Check in with yourself. Are you saying yes because of FOMO or because you really want to say yes? More often than not, running after fear doesn’t make us feel better[2].

    3. Check Your Assumptions About What It Means to Say No

    Do you dread the reaction you will get if you say no? Often, we say yes because we worry about how others will respond or because of the consequences. We may be afraid to disappoint others or think we will lose their respect. We often forget how much we are disappointing ourselves along the way.

    Keep in mind that saying no can be exactly what is needed to send the right message that you have limited time. In the tips below, you will see how to communicate your no in a gentle and loving way.

    You might disappoint someone initially, but drawing a boundary can bring you the freedom you need so that you can give freely of yourself when you truly want to. And it will often help others have more respect for you and your boundaries, not less.

    4. When the Request Comes in, Sit on It

    Sometimes, when we are in the moment, we instinctively agree. The request might make sense at first. Or we typically have said yes to this request in the past.

    Give yourself a little time to reflect on whether you really have the time or can do the task properly. You may decide the best option is to say no. There is no harm in giving yourself the time to decide.

    5. Communicate Your “No” with Transparency and Kindness

    When you are ready to tell someone no, communicate your decision clearly. The message can be open and honest[3] to ensure the recipient that your reasons have to do with your limited time.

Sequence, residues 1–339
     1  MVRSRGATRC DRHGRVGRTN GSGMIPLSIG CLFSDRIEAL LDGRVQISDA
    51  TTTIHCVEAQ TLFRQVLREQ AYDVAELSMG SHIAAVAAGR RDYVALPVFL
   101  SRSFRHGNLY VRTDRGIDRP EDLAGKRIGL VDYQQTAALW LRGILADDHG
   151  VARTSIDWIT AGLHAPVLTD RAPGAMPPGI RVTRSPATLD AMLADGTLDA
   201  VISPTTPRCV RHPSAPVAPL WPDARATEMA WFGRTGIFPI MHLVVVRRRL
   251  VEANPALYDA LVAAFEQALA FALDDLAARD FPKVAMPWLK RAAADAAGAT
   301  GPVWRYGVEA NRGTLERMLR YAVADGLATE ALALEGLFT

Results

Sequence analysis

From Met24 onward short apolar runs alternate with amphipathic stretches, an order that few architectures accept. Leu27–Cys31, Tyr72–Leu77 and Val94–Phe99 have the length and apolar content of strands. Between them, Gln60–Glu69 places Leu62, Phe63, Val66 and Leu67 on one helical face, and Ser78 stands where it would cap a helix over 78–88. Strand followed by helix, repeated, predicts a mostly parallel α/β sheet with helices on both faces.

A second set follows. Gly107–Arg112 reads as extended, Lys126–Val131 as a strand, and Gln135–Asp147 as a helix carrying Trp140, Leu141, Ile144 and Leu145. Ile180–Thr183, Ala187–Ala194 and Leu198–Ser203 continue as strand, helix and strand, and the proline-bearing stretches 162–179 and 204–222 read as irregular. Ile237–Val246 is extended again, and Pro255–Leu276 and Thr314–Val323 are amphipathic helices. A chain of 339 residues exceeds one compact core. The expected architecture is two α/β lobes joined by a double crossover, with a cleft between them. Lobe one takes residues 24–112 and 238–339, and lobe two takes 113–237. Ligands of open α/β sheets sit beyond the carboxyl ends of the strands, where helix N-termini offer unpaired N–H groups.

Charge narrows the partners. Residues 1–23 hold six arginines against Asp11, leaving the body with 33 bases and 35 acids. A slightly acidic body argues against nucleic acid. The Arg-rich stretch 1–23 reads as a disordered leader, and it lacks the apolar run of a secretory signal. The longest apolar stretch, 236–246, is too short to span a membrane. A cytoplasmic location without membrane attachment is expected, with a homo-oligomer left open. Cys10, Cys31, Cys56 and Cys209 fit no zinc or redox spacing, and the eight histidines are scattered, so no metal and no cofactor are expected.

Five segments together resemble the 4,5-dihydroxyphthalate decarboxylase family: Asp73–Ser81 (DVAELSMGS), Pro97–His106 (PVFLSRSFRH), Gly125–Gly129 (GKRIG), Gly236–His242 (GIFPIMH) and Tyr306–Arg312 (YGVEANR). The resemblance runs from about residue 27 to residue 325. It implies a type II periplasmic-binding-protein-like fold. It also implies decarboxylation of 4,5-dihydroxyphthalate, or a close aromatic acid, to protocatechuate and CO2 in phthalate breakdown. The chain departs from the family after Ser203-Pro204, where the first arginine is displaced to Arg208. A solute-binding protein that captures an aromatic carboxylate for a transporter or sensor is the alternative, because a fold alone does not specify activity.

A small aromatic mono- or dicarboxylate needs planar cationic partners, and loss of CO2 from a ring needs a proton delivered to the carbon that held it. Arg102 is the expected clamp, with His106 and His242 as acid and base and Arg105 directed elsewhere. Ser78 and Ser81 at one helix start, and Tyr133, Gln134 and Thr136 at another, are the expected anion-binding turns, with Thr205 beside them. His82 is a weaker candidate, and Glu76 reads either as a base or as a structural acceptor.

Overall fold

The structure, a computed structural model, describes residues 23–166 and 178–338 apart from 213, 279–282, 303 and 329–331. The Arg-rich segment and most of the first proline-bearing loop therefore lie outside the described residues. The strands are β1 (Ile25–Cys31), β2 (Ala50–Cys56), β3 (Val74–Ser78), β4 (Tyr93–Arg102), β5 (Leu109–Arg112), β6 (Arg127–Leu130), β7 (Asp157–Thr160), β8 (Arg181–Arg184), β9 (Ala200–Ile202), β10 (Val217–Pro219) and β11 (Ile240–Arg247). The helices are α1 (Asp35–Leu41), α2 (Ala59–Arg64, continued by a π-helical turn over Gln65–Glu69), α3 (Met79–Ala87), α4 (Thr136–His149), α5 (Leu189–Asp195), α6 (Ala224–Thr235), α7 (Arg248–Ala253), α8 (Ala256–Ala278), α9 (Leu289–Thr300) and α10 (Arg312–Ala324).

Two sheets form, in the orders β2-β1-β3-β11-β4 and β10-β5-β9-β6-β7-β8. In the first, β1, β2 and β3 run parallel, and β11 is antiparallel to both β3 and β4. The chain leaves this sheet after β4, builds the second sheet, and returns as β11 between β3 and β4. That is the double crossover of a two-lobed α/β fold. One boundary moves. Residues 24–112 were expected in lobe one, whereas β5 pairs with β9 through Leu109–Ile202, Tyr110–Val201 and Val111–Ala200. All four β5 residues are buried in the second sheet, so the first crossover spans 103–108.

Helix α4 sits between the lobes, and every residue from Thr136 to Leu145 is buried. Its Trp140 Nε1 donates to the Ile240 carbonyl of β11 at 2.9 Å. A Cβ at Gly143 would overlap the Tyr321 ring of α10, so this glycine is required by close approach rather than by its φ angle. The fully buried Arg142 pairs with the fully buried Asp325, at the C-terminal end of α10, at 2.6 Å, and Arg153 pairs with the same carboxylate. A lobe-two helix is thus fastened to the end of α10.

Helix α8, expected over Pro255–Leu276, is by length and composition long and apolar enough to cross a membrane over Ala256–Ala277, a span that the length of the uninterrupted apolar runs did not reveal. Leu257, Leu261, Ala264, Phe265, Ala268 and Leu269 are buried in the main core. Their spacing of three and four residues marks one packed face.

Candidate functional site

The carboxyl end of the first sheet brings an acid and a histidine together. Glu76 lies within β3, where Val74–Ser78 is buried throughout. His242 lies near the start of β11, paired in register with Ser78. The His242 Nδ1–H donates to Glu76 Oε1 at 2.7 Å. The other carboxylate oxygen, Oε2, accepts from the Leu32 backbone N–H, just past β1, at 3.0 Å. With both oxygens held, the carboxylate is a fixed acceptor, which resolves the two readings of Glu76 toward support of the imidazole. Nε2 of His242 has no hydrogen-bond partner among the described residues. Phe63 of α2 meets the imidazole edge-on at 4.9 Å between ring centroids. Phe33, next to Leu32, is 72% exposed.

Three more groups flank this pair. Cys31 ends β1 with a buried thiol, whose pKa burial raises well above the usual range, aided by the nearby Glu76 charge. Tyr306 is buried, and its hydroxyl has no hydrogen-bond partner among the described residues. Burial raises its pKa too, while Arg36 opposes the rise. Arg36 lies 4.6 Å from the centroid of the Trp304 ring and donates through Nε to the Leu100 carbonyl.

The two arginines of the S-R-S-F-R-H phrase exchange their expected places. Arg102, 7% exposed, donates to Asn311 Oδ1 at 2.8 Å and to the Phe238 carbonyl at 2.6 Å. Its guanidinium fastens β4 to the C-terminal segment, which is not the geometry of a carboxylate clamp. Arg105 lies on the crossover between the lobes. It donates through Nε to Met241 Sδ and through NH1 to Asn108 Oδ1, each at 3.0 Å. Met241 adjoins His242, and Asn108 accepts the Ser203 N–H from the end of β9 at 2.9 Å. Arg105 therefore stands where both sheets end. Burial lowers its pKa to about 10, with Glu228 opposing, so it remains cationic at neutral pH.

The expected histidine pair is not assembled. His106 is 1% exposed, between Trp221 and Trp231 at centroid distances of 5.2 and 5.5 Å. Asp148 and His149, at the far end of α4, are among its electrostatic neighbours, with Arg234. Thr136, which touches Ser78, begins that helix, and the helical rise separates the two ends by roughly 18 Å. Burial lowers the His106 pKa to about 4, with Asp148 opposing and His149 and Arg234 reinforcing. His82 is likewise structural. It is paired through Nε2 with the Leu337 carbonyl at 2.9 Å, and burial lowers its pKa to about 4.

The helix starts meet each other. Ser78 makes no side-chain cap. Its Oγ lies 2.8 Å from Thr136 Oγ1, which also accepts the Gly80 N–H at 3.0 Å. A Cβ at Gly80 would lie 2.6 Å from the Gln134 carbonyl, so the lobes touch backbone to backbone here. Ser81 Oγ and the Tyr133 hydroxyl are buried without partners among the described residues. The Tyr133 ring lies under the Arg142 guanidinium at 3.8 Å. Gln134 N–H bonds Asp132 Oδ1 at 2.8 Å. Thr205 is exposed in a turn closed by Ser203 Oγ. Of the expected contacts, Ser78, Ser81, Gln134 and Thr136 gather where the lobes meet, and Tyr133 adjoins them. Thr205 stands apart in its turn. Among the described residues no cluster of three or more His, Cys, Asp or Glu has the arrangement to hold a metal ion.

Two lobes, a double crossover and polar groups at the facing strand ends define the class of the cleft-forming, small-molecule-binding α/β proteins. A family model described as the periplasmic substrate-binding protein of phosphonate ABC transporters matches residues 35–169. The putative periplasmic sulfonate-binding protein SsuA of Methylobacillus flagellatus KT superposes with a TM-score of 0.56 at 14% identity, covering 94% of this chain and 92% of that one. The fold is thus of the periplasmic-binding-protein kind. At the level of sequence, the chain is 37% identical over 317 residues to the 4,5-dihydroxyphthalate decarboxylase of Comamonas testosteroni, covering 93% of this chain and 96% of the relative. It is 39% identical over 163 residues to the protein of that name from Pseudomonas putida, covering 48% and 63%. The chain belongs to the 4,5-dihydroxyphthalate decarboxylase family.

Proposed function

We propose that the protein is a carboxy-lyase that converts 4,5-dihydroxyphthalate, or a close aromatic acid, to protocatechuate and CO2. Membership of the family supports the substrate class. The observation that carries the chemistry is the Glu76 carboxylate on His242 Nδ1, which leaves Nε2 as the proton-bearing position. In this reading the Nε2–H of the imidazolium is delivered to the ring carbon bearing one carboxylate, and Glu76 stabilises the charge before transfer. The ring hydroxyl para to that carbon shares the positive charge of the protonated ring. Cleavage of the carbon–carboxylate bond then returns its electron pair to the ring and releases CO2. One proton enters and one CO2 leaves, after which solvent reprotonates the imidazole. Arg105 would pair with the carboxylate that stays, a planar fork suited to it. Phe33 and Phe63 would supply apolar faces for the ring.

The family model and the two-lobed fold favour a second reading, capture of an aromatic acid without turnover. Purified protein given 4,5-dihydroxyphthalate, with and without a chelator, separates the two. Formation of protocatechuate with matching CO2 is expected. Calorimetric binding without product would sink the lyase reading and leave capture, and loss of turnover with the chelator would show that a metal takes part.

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    How do you say no? 9 Healthy Ways to Say “No”

      Resist the temptation not to respond or communicate all. But do not feel obligated to provide a lengthy account about why you are saying no.

      Clear communication with a short explanation is all that is needed. I have found it useful to tell people that I have many demands and need to be careful with how I allocate my time. I will sometimes say I really appreciate that they came to me and for them to check in again if the opportunity arises another time.

      6. Consider How to Use a Modified No

      If you are under pressure to say yes but want to say no, you may want to consider downgrading a “yes” to a “yes but…” as this will give you an opportunity to condition your agreement to what works best for you.

      Sometimes, the condition can be to do the task, but not in the time frame that was originally requested. Or perhaps you can do part of what has been asked.

      Final Thoughts

      Beginning right now, you can change how you respond to requests for your time. When the request comes in, take yourself off autopilot where you might normally say yes.

      Use the request as a way to draw a healthy boundary around your time. Pay particular attention to when you place certain demands on yourself.

      Try it now. Say no to a friend who continues to take advantage of your goodwill. Or, draw the line with a workaholic colleague and tell them you will complete the project, but not by working all weekend. You’ll find yourself much happier.

      More Tips on How to Say No

      Featured photo credit: Chris Ainsworth via unsplash.com

      Reference

      [1] Science of People: 11 Expert Tips to Stop Being a People Pleaser and Start Doing You
      [2] Anxiety and Depression Association of America: Tips to Get Over Your FOMO, or Fear of Missing Out
      [3] Cooks Hill Counseling: 9 Healthy Ways to Say “No”